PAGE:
The scientists on watch during the squid sighting also initially misidentified the stubby squid as a cuttlefish, which the squid is closely related to. Wishnak said the E/V Nautilus team was able to rule out cuttlefish, as the species is not found in the eastern Pacific Ocean. With a few other ideas for what the species might be, the researchers on board collaborated with scientists ashore and at the University of California, Santa Barbara, and MBARI, to identify the stubby squid.

Stubby squids are nocturnal hunters, so Wishnak said it was exciting to see the animal in its “somewhat natural behavior” rather than hidden in the sea floor.

“They actually have this pretty awesome superpower, they can turn on a little sticky mucus jacket over their body and sort of collect bits of sand or pebbles or whatever they’re burrowing into and make a really nice camouflage jacket,” Wishnak said. “When they go to ambush something and prey on something, they’re able to sort of turn off that mucus jacket.”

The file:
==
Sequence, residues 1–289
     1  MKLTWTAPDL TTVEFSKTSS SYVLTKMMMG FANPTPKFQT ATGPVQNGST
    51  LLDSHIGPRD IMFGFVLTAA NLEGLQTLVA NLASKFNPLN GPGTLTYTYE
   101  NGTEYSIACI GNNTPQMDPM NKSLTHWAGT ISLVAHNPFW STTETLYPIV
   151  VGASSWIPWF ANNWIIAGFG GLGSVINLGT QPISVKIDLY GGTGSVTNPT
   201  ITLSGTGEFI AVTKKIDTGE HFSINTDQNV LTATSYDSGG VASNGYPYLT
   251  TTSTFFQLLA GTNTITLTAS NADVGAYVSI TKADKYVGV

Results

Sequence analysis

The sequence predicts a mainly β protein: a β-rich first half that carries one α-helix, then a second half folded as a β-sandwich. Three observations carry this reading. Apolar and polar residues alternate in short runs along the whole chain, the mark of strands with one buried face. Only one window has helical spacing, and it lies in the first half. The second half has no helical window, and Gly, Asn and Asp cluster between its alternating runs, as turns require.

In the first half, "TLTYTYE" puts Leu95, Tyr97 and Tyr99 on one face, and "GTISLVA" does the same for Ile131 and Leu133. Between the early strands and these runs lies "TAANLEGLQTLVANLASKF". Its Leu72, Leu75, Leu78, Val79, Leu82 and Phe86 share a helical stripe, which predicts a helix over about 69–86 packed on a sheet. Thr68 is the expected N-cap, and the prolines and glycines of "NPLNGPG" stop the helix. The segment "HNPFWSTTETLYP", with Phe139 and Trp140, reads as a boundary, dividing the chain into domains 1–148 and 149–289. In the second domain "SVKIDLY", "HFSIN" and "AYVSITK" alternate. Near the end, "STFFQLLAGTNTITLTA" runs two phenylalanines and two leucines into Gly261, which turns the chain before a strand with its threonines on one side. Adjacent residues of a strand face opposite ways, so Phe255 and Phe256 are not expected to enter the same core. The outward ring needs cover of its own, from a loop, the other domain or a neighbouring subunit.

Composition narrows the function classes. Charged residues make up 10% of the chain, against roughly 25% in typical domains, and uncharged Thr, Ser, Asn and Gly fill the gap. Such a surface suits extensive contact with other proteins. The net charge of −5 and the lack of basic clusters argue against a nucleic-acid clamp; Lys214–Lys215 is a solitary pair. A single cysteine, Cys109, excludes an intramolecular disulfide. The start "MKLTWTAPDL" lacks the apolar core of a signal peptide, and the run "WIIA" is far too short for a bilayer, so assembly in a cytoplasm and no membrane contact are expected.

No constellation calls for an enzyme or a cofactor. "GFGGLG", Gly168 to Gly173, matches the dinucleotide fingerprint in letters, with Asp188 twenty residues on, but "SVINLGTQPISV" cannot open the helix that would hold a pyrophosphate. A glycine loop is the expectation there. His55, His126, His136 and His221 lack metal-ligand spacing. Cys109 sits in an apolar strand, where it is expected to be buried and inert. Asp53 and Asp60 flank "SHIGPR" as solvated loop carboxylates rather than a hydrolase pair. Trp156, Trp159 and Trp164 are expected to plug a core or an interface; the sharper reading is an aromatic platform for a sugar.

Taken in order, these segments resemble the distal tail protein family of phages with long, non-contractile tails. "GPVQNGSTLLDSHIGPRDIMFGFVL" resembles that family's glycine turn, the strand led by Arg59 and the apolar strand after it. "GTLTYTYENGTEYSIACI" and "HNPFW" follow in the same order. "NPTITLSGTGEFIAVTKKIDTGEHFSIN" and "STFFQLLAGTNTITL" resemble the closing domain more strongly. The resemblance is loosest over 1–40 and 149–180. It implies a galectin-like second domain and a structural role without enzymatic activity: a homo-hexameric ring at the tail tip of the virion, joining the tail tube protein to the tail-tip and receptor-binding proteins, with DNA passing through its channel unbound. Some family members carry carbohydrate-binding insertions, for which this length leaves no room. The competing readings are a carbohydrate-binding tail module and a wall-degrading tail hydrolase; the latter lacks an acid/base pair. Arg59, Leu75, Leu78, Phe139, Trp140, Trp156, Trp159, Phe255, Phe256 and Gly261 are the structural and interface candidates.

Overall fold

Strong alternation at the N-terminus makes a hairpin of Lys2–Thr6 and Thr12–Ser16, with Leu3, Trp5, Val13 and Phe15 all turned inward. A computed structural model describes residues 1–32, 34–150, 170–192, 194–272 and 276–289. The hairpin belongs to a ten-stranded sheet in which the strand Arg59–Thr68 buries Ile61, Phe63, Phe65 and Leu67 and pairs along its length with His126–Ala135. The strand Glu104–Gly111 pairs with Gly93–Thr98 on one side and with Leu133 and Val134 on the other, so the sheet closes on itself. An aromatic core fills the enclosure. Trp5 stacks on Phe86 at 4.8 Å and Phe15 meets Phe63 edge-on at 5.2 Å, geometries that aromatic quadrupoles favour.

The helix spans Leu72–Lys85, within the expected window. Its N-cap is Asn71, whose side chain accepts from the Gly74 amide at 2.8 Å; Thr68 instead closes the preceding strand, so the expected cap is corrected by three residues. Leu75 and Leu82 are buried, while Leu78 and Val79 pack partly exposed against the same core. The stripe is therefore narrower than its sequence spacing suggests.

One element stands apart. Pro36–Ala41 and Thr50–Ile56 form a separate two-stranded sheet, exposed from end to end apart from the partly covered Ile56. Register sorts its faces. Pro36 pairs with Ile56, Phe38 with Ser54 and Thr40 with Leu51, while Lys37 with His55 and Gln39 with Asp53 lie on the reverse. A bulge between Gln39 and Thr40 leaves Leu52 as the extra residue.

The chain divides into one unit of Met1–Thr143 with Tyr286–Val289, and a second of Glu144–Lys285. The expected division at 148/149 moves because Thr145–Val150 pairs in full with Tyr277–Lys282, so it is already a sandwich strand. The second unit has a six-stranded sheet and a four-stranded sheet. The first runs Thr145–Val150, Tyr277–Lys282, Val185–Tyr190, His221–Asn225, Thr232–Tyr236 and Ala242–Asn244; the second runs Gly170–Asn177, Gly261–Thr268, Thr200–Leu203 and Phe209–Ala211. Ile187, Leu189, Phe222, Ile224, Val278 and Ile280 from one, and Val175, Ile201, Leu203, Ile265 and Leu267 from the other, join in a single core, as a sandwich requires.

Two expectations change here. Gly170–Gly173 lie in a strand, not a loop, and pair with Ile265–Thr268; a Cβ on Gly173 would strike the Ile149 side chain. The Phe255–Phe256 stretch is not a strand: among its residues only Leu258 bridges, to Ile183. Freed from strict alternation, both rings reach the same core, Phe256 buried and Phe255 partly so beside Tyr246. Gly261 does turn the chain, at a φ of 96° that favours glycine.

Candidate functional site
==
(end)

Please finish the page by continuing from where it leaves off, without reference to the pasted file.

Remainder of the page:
Other stubby squid sightings by divers have resulted in the same “deer in the headlights” kind of reaction, Wishnak said. The animals are used to being in darker waters, camouflaged from view.

“I think what we encountered was a squid who was not expecting to see us in any way,” Wishnak said.

The E/V Nautilus is currently on a four-month expedition to explore the eastern Pacific Ocean. Next, the ship will move from the coast of Southern California to the San Francisco Bay. The vessel’s mission is to explore the oceans and seek out the unknown, and is operated by the Ocean Exploration Trust, a nonprofit organization founded by oceanographer Robert Ballard.